Tennessee State Parks to Host National Trails Day Hikes

Tennessee State Parks will celebrate National Trails Day with free, guided hikes at all 56 parks on Saturday, June 3.

Events will include free, ranger-led hikes through areas with waterfalls and scenic vistas as well as hikes focused on local history and trail clean-ups. With more than 1,000 miles of trails ranging from easy, paved paths to rugged backcountry trails, there’s a hike for everyone. Several Tennessee State Natural Areas are hosting offering free, guided hikes at Short Springs Natural Area, Hampton Creek Cove State Natural Area and Big Cypress Tree State Natural Area.

“While Tennessee State Parks are free to enter year-round, this day is a great opportunity to get the most of your visit,” said Tennessee Department of Environment and Conservation Deputy Commissioner of Parks and Conservation Brock Hill. “Under the skilled guidance of our rangers, visitors can enjoy the outdoors and learn more about the state parks system that we have been refining for 80 years.”

Since 1993, the American Hiking Society has set aside the first Saturday in June as National Trails Day. The goal is to bring together outdoor enthusiasts of all backgrounds to participate in educational exhibits, trail dedications, gear demonstrations, instructional workshops and trail projects.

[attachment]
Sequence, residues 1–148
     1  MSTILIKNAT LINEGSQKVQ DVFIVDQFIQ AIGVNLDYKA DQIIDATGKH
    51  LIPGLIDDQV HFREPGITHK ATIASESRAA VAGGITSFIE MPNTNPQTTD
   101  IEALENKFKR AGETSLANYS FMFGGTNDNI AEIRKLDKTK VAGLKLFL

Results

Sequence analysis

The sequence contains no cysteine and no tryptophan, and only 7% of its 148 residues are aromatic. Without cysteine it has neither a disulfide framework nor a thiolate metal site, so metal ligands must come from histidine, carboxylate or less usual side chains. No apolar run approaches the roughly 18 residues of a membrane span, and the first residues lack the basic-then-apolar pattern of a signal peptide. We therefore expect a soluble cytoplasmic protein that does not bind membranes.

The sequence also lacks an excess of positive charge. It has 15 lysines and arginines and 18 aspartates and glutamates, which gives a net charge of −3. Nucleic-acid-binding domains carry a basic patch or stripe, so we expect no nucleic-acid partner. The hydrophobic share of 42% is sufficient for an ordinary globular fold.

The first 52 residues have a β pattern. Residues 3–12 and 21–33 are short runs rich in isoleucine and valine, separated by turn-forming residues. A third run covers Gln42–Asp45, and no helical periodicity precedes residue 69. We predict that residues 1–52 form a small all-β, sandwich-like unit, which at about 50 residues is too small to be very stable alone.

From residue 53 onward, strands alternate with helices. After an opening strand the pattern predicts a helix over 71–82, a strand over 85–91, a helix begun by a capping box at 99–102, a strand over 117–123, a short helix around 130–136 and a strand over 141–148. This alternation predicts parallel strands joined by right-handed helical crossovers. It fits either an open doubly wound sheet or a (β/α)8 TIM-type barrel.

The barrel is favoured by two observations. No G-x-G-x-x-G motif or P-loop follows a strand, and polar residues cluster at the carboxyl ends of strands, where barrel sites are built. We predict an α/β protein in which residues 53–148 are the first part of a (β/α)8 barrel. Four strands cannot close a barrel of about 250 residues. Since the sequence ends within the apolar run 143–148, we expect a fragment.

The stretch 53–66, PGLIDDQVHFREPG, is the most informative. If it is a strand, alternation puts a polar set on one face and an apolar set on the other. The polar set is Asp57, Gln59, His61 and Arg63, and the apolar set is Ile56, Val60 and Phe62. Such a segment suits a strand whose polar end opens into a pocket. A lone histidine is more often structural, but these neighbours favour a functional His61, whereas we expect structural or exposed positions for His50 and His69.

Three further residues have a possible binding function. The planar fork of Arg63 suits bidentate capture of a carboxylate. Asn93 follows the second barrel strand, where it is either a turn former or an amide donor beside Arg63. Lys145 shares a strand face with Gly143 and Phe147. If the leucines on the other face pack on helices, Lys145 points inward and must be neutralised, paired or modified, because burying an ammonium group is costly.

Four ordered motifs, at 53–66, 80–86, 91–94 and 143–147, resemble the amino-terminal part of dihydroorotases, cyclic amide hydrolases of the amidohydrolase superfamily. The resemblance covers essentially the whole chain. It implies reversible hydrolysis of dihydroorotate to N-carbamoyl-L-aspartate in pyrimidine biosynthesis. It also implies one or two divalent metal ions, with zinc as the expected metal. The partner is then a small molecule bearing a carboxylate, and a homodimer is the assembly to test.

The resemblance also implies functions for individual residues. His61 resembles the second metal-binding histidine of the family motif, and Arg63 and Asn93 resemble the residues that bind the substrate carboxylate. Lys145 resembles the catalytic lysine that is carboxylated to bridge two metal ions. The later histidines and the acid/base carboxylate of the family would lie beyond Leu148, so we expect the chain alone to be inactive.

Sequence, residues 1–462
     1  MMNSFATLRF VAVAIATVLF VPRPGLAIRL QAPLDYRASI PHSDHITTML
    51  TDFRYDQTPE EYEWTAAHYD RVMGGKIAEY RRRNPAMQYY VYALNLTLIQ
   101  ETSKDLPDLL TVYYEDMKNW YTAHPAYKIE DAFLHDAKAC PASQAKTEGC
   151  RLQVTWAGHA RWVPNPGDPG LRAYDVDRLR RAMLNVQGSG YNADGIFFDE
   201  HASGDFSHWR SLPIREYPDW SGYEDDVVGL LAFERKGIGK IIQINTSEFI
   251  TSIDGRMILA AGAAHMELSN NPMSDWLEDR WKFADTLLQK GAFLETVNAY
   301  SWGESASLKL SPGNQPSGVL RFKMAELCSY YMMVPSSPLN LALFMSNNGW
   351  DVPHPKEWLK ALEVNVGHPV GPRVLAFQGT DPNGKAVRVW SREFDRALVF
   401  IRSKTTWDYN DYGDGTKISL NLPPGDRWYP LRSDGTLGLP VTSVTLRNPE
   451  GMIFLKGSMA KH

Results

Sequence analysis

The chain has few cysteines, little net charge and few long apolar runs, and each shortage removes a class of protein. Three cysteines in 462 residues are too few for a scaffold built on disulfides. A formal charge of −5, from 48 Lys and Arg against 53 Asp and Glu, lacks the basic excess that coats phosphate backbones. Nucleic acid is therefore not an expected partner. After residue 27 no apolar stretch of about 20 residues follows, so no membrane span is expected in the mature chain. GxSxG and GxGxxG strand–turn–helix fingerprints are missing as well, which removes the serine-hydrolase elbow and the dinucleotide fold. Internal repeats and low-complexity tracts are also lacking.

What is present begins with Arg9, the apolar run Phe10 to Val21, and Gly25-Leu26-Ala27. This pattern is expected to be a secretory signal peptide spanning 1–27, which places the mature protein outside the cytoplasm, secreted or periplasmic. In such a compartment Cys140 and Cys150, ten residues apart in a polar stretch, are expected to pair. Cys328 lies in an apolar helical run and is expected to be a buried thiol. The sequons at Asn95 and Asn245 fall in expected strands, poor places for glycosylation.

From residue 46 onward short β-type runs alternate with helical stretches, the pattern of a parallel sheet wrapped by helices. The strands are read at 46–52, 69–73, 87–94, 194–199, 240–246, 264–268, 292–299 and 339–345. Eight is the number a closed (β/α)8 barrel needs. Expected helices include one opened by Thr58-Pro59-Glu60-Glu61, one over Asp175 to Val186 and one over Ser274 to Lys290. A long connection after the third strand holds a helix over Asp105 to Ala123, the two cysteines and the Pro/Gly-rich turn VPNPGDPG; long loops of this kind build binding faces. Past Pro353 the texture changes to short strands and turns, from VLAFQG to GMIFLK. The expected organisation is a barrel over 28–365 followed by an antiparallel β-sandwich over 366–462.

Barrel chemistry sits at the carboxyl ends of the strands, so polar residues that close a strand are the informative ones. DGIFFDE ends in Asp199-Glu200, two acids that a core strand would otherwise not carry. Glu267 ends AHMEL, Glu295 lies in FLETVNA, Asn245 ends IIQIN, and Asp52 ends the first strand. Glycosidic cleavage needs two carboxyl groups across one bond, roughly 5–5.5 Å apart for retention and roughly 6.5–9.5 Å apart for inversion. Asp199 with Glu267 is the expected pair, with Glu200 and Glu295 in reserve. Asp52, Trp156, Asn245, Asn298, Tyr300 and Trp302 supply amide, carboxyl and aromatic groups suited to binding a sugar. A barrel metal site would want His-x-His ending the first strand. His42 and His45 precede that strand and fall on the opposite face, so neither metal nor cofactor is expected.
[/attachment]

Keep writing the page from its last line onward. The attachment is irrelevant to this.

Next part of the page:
The National Trails Day hikes represent the third in a series of statewide hiking events for 2017. Additional statewide hiking events include First Hikes in early January, Spring Hikes in March, National Public Lands Day Hikes in September and an After-Thanksgiving Day Hike in November.

A list of all National Trails Day hikes at Tennessee State Parks can be found here.

Tennessee State Parks offer diverse natural, recreational and cultural experiences for individuals, families or business and professional groups. State park features range from pristine natural areas to 18-hole championship golf courses. There is a state park within an hour’s drive of just about anywhere in the state, offering a variety of recreational, lodging and dining choices. For more information about Tennessee State Parks, visit their recently updated website at www.tnstateparks.com.

Source: Tennessee Environment and Conservation